Budget 2017: Heavy on air pollution, light on innovation

The Chancellor's Spring Budget did little to tackle climate change - but community action to shape a better future for our planet is taking place across the country.

The Budget on Wednesday did little to protect the air we breathe.

It had no mention of one of the UK’s most urgent crises: air pollution. In fact, it might have just made it worse.

Air pollution is one of the many damaging consequences of our fossil fuelled economy, and it is making us all sick. But Phillip Hammond thinks that it’s absolutely essential that we maximise the exploitation of remaining [fossil fuel] reserves” — whilst at the same time failing to protect our right to health care, presiding over the largest sustained fall in NHS spending as a share of GDP in any period since 1951.

With thousands of early deaths and as much as £27.5bn in costs every year from air pollution, it’s a struggle to see how this can’t only get worse.

It is a relief at least to be reminded that shaping a better future for our communities and our planet is not a private right of politicians.

In Ffos-y-Fran, near Merthyr Tydfil in South Wales, residents fighting against air pollution and climate change have got international backing for their plight this week. A yet unreleased UN report is set to challenge the UK’s approach to regulation regarding the health impacts of an opencast coalmine in the area, the largest in the country.

For the past 10 years, thousands of residents in and around Merthyr Tydfil have been campaigning against plans to expand by coal company Miller Agent, as they battle with high rates of childhood asthma and cancer clusters resulting from the toxic dust from coal mining. Despite having support from the local council and members of the Welsh Parliament, plans were approved by the Welsh Government, amidst confusion about where the power actually lies.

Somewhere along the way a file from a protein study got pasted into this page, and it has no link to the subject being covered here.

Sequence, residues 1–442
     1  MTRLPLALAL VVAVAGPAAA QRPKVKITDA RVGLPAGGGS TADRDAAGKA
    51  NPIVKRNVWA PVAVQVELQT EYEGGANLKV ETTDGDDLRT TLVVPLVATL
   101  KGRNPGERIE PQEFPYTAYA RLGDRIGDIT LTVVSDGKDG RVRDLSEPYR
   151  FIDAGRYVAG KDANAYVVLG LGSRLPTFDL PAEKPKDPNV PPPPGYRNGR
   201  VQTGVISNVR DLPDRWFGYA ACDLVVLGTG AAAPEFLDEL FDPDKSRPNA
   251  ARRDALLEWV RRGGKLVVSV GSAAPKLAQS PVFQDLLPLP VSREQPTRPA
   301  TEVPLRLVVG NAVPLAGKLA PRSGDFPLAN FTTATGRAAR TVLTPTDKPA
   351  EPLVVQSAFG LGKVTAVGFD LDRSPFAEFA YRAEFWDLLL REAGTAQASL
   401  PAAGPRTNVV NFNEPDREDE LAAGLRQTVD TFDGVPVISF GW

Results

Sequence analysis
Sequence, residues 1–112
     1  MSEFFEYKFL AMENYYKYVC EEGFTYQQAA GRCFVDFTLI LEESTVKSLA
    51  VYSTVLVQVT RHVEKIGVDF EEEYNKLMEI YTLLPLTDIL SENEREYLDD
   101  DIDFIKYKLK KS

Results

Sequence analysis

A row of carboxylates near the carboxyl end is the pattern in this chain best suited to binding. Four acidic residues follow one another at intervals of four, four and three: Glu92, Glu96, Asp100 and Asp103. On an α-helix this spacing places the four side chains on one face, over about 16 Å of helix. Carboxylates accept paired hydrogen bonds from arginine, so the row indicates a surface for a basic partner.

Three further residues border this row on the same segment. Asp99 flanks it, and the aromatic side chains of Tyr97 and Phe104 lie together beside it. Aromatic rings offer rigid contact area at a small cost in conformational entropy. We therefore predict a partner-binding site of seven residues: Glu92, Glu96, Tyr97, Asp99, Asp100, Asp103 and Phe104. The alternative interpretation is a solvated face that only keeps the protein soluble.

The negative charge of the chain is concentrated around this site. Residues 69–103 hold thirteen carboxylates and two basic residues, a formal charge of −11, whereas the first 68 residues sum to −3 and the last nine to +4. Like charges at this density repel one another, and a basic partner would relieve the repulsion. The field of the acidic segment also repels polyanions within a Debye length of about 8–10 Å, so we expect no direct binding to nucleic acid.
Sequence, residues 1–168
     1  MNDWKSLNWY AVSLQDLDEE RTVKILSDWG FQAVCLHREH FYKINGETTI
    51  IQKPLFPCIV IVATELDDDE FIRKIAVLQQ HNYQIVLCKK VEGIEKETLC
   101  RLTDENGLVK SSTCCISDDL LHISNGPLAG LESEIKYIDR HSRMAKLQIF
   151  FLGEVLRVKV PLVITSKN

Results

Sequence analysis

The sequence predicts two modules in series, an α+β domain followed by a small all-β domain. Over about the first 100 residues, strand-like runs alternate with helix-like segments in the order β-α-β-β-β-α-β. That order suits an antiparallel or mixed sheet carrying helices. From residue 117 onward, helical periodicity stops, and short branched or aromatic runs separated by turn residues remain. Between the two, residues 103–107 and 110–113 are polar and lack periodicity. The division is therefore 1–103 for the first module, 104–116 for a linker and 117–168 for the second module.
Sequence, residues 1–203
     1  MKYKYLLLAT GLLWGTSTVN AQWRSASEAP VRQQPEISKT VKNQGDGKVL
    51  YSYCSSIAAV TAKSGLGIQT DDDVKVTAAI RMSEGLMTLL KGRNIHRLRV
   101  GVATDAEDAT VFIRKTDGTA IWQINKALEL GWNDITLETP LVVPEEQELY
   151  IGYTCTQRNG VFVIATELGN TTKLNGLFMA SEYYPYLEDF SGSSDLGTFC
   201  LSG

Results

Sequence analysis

Activists at Welsh coal mine

Image credit: Break Free/​Kristian Buus

Community-led plans must be taken far more seriously within the wider decision-making system. Economic progress should be defined by locally-felt economic benefits, rather than by contribution to the area’s GVA or short-term financial returns.

There’s a whole range of people who use the site,” says local campaigner Jim Davies, who is involved in the fight against Miller Argent in Merthyr Tydfil, it really is a valuable resource, (…) but this mine will be right smack in the middle of all that, taking up everything.”

It is important that communities build on local enthusiasm to develop economic solutions to their areas. Miller Argent’s main argument for its business is the creation of jobs. But we know that’s not the only way to create jobs!

There are plenty of alternatives for job creation, so we shouldn’t let this tired and misleading argument stop us – especially given the immense cost to our environment and our health.

In Swansea Bay, a world leading project to create the world’s first power-generating tidal lagoon is developing, and is set to create or support 1,900 jobs and harness renewable energy from our tides, enough to power 155,000 homes for 120 years. The project will also support economic regeneration in the area beyond renewable energy, with opportunities for tourism and aquaculture.

Meanwhile, further south there are exciting new ideas being developed for innovative community-owned marine renewable energy. I saw some of these on Saturday, speaking in Torbay about our Blue New Deal.

Philip Hammond has repeatedly missed opportunities to give power to communities to build an alternative future, delaying the go ahead for the Bay Tidal Lagoon, and failing to pledge support for renewable energy. We must now come together to demand more power for local people who are working to deliver clean air, cleaner energy and a better future for our communities.

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